The Ways we Learn


In the midst of a heartbreaking dehumanization in public schools, I’ve discovered policymakers’ expectations that students become uniformly rather than uniquely skilled. They mandate reform that requires robotic students whose skills are assessed in a stony arrogance that neglects the human element inherent in the classroom. This quote reminded me of the weight tiny shoulders carry when they aren’t allowed to take the world in and grow organically in knowledge, wisdom, character, critical thinking – when they aren’t allowed to be human learners rather than android ones.

“Some things may be learned by words on a page, but some skills are first learned by a man’s hands and heart, and later by his head,” (Hobb’s Royal Assassin, p. 172)

The Friends who I Never Quite Satisfy


Text Progression:

Me: I’m a jackass who is staying home tonight.

Friend: What?! Why??

Friend: We can come pick you up if you don’t want to drive.

Me: I just am anti-social. And depressed. So I invited the hilsts over.

Friend: I see.

Friend: Well, have a good night with them.

Me: I promise it’s not a conspiracy. I really 100% am depressed and needed not to go. And I knew they couldn’t go either. And i thought i could get drunk off my ass alone, or i could see if they would come over.

No response from friend.

Maybe I’m reading too much into this, but it seems like people often get pissed at me when I make good choices. And then I want to put my head through a wall.

My depression is fairly well-documented here on the blog, and although it’s been significantly improved this semester, I had a rough day Saturday.The Christmas party was actually the third event that day that I decided not to attend, because I’m messed up in my brain.

The friend’s response was disappointing because I was honest with her about why I wasn’t going, and it seemed like she either thought I was lying or didn’t approve of my reason as good enough.

Sometimes I think the problem is that I don’t act the same way our other friend acted when she was struggling with depression… like there’s some standard of behavior that’s expected of a depressed woman. She ought to cry publicly. She ought to ask people to come over and drag her out of bed. She ought to take some pills. She ought to… be other than what I am.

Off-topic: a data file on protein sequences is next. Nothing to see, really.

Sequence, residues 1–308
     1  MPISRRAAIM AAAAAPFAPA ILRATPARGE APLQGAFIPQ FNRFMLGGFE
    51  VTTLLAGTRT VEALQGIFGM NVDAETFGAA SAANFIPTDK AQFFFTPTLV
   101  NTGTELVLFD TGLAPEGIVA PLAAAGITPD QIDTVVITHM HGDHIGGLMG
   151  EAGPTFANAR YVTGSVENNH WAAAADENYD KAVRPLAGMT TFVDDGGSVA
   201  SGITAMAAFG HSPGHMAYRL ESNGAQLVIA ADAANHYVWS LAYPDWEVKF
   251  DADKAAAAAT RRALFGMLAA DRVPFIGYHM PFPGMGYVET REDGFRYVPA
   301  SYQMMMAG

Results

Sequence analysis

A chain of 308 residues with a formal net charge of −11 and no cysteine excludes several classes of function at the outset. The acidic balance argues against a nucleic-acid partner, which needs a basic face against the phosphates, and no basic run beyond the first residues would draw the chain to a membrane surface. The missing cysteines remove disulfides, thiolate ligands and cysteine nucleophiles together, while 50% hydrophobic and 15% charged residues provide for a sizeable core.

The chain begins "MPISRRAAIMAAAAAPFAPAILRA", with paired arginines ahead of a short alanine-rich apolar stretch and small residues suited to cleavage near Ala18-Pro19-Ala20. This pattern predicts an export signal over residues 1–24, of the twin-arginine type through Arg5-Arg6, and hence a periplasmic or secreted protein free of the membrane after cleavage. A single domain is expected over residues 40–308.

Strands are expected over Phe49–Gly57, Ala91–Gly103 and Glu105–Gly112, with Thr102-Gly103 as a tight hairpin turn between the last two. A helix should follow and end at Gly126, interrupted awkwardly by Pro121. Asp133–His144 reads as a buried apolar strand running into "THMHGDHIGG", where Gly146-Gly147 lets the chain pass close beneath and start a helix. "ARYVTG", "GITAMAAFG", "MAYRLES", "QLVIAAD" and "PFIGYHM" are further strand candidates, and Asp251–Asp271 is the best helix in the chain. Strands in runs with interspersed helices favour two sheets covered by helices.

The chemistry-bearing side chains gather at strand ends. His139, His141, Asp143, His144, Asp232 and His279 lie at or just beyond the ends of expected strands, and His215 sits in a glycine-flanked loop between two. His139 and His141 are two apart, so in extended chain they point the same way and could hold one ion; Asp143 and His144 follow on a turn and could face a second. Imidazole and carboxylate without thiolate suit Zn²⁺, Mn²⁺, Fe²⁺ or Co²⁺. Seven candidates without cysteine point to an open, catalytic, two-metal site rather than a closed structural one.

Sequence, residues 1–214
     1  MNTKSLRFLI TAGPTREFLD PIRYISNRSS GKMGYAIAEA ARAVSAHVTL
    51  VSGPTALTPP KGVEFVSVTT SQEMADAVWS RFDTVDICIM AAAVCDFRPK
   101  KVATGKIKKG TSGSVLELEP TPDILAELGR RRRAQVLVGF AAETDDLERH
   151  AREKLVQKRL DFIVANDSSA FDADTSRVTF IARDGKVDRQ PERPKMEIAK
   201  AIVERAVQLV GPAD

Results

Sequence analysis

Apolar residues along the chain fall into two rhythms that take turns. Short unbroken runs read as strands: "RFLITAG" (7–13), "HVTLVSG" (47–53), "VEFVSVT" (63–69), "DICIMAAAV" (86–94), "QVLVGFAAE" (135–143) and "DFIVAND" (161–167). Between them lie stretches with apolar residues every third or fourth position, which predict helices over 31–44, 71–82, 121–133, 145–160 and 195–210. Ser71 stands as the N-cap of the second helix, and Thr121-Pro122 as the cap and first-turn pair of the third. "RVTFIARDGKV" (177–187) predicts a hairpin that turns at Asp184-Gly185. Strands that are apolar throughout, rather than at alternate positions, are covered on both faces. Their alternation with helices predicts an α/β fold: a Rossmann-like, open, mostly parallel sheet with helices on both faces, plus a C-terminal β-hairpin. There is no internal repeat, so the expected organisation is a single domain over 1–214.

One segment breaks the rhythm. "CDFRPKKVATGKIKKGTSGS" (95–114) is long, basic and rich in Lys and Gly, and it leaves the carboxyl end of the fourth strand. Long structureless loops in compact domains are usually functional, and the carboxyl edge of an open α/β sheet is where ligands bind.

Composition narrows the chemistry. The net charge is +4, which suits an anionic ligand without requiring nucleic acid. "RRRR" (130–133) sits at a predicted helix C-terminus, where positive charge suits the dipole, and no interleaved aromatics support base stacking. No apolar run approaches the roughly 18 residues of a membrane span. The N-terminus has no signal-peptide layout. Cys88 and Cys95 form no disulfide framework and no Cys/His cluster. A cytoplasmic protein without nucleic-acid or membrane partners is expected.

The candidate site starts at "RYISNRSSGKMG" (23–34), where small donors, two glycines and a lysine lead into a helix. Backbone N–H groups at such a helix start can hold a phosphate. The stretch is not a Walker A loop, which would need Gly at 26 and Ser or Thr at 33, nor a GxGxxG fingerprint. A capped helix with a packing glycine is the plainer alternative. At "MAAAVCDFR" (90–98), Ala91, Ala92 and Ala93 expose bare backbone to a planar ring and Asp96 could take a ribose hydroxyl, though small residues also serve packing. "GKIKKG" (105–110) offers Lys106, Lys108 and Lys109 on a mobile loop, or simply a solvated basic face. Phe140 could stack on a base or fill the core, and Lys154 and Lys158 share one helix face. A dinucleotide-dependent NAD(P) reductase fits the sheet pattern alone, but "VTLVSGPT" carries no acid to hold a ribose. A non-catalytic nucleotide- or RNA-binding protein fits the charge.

I don’t talk. I don’t want anyone to come over and drag me out into the world. In all honesty, I think that would probably make it worse. I don’t see a doctor, because I don’t believe it’s something I should be medicating. I did get myself a Stephen Minister for awhile, but it didn’t help much. In fact, the only thing I do is lay on the couch watching Star Trek, drinking too much wine, or, occasionally, I’ll call Ashly or Lori. Sometimes I work out a lot when I’m depressed.

So, l if I could tell friend anything, here’s what it would be:

Dear Friend,

When I don’t attend events, it isn’t commentary on you or the other people who attend; I’m just making the best choices I know how to make, and your snark is just about the most unhelpful thing you could throw my way on a night like that one.

After Matt and Ashly left, I checked my phone to see if you’d responded to my promise that it wasn’t a conspiracy… but you hadn’t. That made me stay up late, worrying about what to do to fix things with you. Should I call you? Should I try to explain myself?

In my depressed state, I decided it was best to write a blog post about it, forgive you, and move on.

Also:

Dear Friends (who are never quite satisfied with me),

I have the dark, inaccessible, brooding personality of a writer. I sometimes stay home when there is a perfectly good party I could attend. You don’t have to understand why I do that in order to be friend, although it couldn’t hurt the friendship.

I hardly ever trust anyone enough to satisfy their desire to be trusted… while I can appreciate your friendship on a casual level, the manner and the timing of your displays of dissatisfaction reinforce my decision not to hang out with you when I’m depressed.